Get new coffee machines with a detachable drip tray (and pour the contents into a sink)

However the replacement cost of 40 industrial coffee machines and the need for a more inclusive admissions policy, probably prohibits those solutions.

£3,750 is a lot of money, but probably not worth any serious consideration by “management” and the individual’s may just accept that the “process is the process” and they honourably repeat this task every day.

I therefore set about thinking about the marginal gains approach and what could improve (however marginally) the productivity of the cleaning team, the business school and the environment.

I spent about brainstorming some options, and came up with the idea of equipping each cleaner with an oversized syringe, which they could use to extract the liquid.

Industrial syringe with a 1 litre capacity — It costs about £10

This would result in the liquid being removed in less than a minute, which using the above numbers would provide a time saving of about 6 hours per week. It also provides a range of other benefits, less downtime for that all-important coffee and arguably and most importantly a feeling from the cleaning team that they are valued, supported and invested in (even if it is just £10 syringe).

Now, the numbers provided in this example are probably not entirely accurate and the savings potential is probably over-stated.

So, so what?

I would argue that the exact costs and savings (from this example) is not what is important here, the key learning for me was that gains, savings, efficiencies can be found anywhere.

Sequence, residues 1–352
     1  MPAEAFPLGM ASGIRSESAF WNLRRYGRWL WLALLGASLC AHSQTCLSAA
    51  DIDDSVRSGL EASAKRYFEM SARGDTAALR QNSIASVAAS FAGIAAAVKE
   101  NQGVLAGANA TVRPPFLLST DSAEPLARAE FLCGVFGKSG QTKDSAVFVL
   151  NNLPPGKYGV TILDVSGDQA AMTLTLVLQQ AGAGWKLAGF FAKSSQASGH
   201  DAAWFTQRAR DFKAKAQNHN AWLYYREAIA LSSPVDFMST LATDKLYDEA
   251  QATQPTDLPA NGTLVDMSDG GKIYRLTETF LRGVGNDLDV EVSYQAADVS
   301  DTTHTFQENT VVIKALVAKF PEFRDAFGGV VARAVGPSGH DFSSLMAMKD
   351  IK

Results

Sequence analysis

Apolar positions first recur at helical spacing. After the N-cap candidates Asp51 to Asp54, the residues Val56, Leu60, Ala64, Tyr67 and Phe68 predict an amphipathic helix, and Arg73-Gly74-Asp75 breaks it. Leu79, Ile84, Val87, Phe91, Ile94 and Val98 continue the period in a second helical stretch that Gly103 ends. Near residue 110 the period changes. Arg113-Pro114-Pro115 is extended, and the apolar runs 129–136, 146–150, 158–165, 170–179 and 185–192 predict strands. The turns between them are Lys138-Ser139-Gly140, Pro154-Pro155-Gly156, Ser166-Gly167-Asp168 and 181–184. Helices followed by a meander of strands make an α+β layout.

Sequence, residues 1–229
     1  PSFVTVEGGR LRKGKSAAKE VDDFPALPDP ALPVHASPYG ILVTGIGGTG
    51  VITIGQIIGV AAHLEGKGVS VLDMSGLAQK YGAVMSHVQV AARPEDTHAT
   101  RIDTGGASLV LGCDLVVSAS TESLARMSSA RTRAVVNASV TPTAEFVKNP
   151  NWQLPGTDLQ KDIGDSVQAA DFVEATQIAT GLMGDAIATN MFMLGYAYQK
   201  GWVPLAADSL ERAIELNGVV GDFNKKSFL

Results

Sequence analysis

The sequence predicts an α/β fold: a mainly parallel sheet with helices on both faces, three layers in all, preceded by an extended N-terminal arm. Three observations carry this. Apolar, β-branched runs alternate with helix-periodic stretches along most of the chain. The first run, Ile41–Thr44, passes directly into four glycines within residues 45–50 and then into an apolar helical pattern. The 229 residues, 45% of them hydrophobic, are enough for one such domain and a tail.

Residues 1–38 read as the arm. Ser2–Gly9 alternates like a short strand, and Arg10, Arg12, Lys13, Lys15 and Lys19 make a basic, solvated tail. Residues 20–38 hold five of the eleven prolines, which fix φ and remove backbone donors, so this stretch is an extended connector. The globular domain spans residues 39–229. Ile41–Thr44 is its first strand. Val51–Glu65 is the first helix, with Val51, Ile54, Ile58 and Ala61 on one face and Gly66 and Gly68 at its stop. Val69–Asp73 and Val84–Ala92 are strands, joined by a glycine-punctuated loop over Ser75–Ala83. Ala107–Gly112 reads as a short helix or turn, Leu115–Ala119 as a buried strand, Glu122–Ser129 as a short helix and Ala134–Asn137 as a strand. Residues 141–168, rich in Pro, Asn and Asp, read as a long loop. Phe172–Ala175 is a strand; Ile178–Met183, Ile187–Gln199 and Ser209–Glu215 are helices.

Change a lot, a little bit to achieve more

We can all play a part in delivering gold medal worthy benefits to our organisations and to our customers.


Dave Brailsford’s philosophy of ‘marginal gains’ came from the idea that if you break down everything you could think of that goes into riding a bike, and then improved it by 1%, you will get a significant increase when you put them all together.

Therefore, our job is to do the same except apply the concept to your organisation.

How to apply the principles of marginal gains to Organisational Effectiveness?

1. First, decide what you want to improve (the whole organisation, a business unit or a specific product or service?)

2. Review (or create) the value chain map for the service you are delivering

3. Measure — what is the definition of success for this particular activity (e.g. KPI’s)?

4. For each activity in the value chain map, break it down to its constituent pieces (in as much detail as possible), then (via observation and other methods);

a. Identify what capabilities (people, tech, process) are required to deliver this activity (again in as much detail)

b. What does optimal performance look like? (what opportunities are there for standardisation?)

c. What other factors impact on performance?

d. What is the level of performance variation for the individual activities?

5. Apply problem solving techniques (5 Why’s, Root Cause, Appreciative inquiry etc. — ) to identify the causes of sub-optimal performance for selected components of an activity

6. Develop and test “micro-interventions” that may yield performance gains (this will also allow you to identify any adverse effects and/or optimisation opportunities)

7. Learn from the tests, Adapt and Optimise (Test, Learn, Adapt, Optimise)